The Pittsburgh Steelers’ season ended a few weeks earlier that they had planned it to, but now that their 2015 campaign has drawn to a conclusion, it’s time to wrap things up and take stock of where they are and how they got there. Part of that process involves holding player exit meetings at the conclusion of each season.
Of course, we’re not privy to the specifics that go on in each of these meetings between head coach and player, and whomever else might be involved in any particular discussion, but if we were conducting them, it might go something like this.
Player: Caushaud Lyons
Position: Defensive End
Experience: 1 Year
Originally signed as an undrafted free agent defensive tackle in the Buccaneers’ 4-3 front in 2015, the 6’5”, 2985-pound Caushaud Lyons was a small-school late bloomer with a productive senior season in which he totaled nine sacks, 19 tackles for loss, two passes defensed, and a forced fumble.
Lyons got a decent amount of work in Tampa Bay during the preseason, but did not manage to stick onto the 53-man roster. The Steelers, and perhaps defensive line coach John Mitchell in particular, however, must have really seen something that they liked in him, as they claimed him off waivers after the final roster cuts, which, in conjunction with another signing, led to the corresponding releases od Doran Grant and Anthony Chickillo, two draft picks who made the initial 53-man roster.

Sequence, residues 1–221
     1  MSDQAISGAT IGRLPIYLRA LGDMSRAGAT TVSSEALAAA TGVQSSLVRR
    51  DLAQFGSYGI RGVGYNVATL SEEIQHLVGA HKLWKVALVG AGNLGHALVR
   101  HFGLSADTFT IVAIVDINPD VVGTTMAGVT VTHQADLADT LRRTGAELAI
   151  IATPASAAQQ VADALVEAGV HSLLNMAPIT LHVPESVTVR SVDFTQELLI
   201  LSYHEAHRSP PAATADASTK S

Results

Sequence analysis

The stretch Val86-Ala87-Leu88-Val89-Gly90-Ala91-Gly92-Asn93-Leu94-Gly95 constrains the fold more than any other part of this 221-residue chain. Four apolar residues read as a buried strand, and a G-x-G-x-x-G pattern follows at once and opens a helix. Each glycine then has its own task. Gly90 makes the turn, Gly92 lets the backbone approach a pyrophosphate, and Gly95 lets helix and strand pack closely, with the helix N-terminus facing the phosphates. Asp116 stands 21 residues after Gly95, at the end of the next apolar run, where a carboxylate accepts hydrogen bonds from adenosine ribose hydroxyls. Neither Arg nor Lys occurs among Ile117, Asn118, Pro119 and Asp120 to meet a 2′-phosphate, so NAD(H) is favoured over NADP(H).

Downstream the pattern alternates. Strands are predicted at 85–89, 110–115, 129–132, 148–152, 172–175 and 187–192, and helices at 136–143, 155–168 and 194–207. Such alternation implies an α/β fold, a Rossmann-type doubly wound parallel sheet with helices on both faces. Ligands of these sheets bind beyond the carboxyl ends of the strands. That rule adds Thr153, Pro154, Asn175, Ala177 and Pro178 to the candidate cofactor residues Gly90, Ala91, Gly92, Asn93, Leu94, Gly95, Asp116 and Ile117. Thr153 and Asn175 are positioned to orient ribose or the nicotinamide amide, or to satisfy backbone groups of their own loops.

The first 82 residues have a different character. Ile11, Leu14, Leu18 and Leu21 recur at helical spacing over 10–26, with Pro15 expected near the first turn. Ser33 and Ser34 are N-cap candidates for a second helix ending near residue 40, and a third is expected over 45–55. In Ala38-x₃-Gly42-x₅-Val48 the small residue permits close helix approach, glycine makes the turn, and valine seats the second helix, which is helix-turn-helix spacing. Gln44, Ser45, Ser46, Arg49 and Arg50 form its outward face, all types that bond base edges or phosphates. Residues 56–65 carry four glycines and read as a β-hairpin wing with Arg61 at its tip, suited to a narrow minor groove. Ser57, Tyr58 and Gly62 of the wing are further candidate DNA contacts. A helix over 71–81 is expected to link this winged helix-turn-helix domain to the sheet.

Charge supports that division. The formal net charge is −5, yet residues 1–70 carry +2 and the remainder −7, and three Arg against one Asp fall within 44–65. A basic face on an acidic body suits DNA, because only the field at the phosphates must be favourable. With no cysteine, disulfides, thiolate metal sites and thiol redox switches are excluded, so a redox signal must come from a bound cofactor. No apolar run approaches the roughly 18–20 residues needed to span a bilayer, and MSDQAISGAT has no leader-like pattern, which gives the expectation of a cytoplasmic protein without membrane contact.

The Steelers were in clear need of defensive line depth, of course, that much was a given long before, and the team only addressed the line during the offseason with a sixth-round draft pick, who, by the way, did make the 53-man roster as the sixth defensive lineman.
That lineman, who I highlighted yesterday, was inactive for 10 of the Steelers’ 16 regular season game, active only in the six games in which the Steelers were down a lineman due to injury. That means that Lyons was the team’s seventh lineman, doomed to be perpetually inactive, which made it odd that they would sign him to the 53-man roster.
Perhaps they believed there would be too great a risk at that time to try to sign him to the practice squad, either because somebody with a higher waive claim would pick him up or because they believed other teams would be competing to add him to their practice squad.
He spent three weeks on the Steelers’ 53-man roster, and yet was released after an injury to the line occurred, which seemed a bit odd to me at the time. Why keep him on the roster at all if you’re going to release him when depth is an even bigger, albeit temporary, issue?
Be that as it may, Pittsburgh did release him after the third week, and correspondingly promoted Chickillo to the 53-man roster, subsequently signing Lyons to the practice squad, where he safely remained for the rest of the season.
While the odds are not exactly in his favor to succeed in the future, he is a bit of an intriguing figure, as he is a player we didn’t see in camp, yet drew enough interest to make the 53-man roster initially. He is an athletic big man, which is something the Steelers covet, so I will be watching him in the preseason.